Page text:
In its relatively brief existence, the Great Hunger Institute has introduced an Irish Studies Minor to the undergraduate programme at Quinnipiac University. It has also established a rich schedule of cultural and historical events that are open both the university community and to the public. In April 2014, the Lady Sligo Exhibition was opened in the Lender Room of the Arnold Bernhard Library. It was based on the University’s collection of over 200 letters, written between the 1820s and 1870s, that were written by the Sligo family. Many were penned by Hester Catherine Browne – Lady Sligo – who had been born in County Galway in 1800, but at the age of 16 married the second Marquis of Sligo, owner of Westport House in County Mayo.   Some of the letters were written just as the Famine was appearing in Ireland. The letters demonstrate her concern and compassion for the welfare of the local poor. They also reveal the agency of a woman in nineteenth century Ireland. Without the survival of these letters, Lady Sligo would have been invisible from the historical record. The Exhibition closed on 22 March 2015, but the good news is that it is moving to Ireland – to Westport House, where it will form a permanent exhibition. So, fittingly, Lady Sligo is going home.

Lady Sligo's touching letter to a prospective migrant

A new exhibition, which tells the remarkable story of the religious orders in Montreal who selflessly came to the assistance of immigrants fleeing from the Famine who were sick with fever, opened at Quinnipiac University on 1 April 2015. It is entitled ‘Saving the Famine Irish: The Grey Nuns and the Great Hunger’ (Sauver les Irlandais de la famine: les Sœurs Grises et la Grande Famine). A centre-piece of the new exhibition is a beautiful painting by Theophile Hamel, entitled Le Typhus, which was commissioned by the Bishop of Montreal in 1848, to give thanks for all of the lives that were saved. It is possibly the first painting in the world dedicated to commemorating the Famine. The records kept by the Grey Nuns throughout these years, which were written in French, have been loaned to the exhibition by the Grey Nun Archive, and will be on display.

An unusual feature of both exhibitions, and one that has particularly intrigued the students, is a replica of a bonnet that would have been worn by a young woman who was part of the Earl Grey Orphan Emigration Scheme, introduced in 1848.   This unusual project sought to both correct the gender imbalance in Australia (where there were approximately eight men to every one woman) while relieving Irish workhouses of the burden of long-term inmates. Approximately 4,000 Irish girls arrived in Australia as a consequence of this scheme. Their presence changed the course of Australian history.

In early June 2015, the Institute will be hosting an international conference on the theme of ‘Women and the Great Hunger. A comparative approach’. It will be held at the York Hill campus, and will feature three keynote speakers: Dr Ciarán Reilly of Maynooth University, Dr Jason King of Galway University, and Professor Oonagh Walsh of Glasgow Caledonian University. The conference is open to the public (although there is a registration fee) and will include a visit to the Grey Nuns’ Exhibition, the Great Hunger Museum, and to New Haven. A conference proceedings will also be published.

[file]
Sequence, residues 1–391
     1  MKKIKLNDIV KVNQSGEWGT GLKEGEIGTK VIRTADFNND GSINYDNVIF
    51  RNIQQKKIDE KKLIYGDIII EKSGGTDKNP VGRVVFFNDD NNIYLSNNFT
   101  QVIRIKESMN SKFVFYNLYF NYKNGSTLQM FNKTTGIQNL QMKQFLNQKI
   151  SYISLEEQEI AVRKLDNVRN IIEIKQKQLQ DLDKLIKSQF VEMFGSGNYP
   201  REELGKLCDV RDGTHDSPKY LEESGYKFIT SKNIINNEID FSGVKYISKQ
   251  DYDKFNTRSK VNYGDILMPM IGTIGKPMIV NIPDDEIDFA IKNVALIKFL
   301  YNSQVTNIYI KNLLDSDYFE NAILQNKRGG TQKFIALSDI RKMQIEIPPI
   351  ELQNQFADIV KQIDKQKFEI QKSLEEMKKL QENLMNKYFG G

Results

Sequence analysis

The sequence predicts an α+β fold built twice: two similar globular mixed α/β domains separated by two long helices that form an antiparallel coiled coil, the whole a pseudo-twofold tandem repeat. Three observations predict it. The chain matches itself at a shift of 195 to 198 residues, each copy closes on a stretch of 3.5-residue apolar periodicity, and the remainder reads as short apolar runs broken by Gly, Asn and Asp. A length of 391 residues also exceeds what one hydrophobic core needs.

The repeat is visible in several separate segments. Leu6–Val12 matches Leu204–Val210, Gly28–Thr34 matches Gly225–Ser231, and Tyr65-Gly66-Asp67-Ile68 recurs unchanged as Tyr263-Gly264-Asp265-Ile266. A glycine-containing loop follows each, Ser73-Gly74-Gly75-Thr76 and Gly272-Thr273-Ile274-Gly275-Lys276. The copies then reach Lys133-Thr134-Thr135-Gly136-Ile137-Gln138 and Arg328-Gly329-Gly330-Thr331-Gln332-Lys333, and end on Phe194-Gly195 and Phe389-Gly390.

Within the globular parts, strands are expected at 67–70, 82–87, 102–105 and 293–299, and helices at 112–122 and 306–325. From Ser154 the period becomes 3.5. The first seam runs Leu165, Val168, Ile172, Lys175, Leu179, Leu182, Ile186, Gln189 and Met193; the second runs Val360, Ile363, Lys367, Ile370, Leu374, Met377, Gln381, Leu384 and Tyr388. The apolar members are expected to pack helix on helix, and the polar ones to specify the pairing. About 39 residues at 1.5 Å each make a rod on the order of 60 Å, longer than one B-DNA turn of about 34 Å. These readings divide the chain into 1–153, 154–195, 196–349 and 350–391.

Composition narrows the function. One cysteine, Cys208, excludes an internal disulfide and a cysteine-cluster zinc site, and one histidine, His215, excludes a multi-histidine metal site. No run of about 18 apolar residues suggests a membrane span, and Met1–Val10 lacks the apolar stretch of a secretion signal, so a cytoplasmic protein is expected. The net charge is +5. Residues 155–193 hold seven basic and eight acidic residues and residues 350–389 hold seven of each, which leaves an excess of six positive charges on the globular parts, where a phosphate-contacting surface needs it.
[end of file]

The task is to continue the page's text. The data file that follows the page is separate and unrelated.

One of the most exciting projects that the Institute is involved in is the production of a Graphic Novel (and if you are not sure what this is, ask anybody under the age of 25). Graphic novels are increasing used in teaching young adults and even undergraduates, the most famous example being Maus, which tells the story of the Holocaust through images and words. The forthcoming graphic novel is called ‘The Bad Times’ (An Droch –Shaol) and is based on the lives of three teenagers from County Clare. It is set between 1846 and 1849 and will be available in autumn 2015. The text has been written by Christine Kinealy and the artwork by Boston-based artist, John Walsh. It is hope that ‘The Bad Times’ will bring the story of the Great Hunger to a younger audience.

Quinnipiac is a relative newcomer in the world of Irish Studies, but the unique combination of Great Hunger Institute, the Great Hunger Museum, and the Great Hunger Collection, has created a wonderful resource for scholars and for anybody who has an interest in Irish history and culture. Visitors are always very welcome and the Institute would be delighted to hear of ideas for collaborations and partnerships.

More information about the work of the Great Hunger Institute…

Professor Christine Kinealy, Director of Ireland’s Great Hunger Institute, is author of Charity and the Great Hunger. The Kindness of Strangers (Bloomsbury, 2013)

Launch of “Saving the Famine Irish: The Grey Nuns and the Great Hunger” Exhibit

Exhibit Launch Quinnpiac 2

Ireland’s Great Hunger Institute’s new exhibition attracted approximately 100 Irish and Canadian diplomats and scholars last night. The exhibit examines the selfless Grey Nuns, who risked their lives to offer aid to Irish immigrants to Canada afflicted with typhus fever. Read more: The exhibit, which opens today, runs through March 18, 2016 in a room modeled after a coffin ship in Arnold Bernhard Library. Here, Christine Kinealy, director of the institute, offers Barbara Jones, Consul General of Ireland in New York, a preview.


Exhibit Launch Quinnpiac


President John L. Lahey welcomed Marie-Claude Francoeur, Quebec Delegate to New England, and John Prato, Consul General of Canada in New York, to Quinnipiac University’s Mount Carmel Campus this afternoon for the debut of Ireland’s Great Hunger Institute’s “Saving the Famine Irish: The Grey Nuns and the Great Hunger” exhibition in the Arnold Bernhard Library. The special exhibit opens to the public tomorrow. Read more: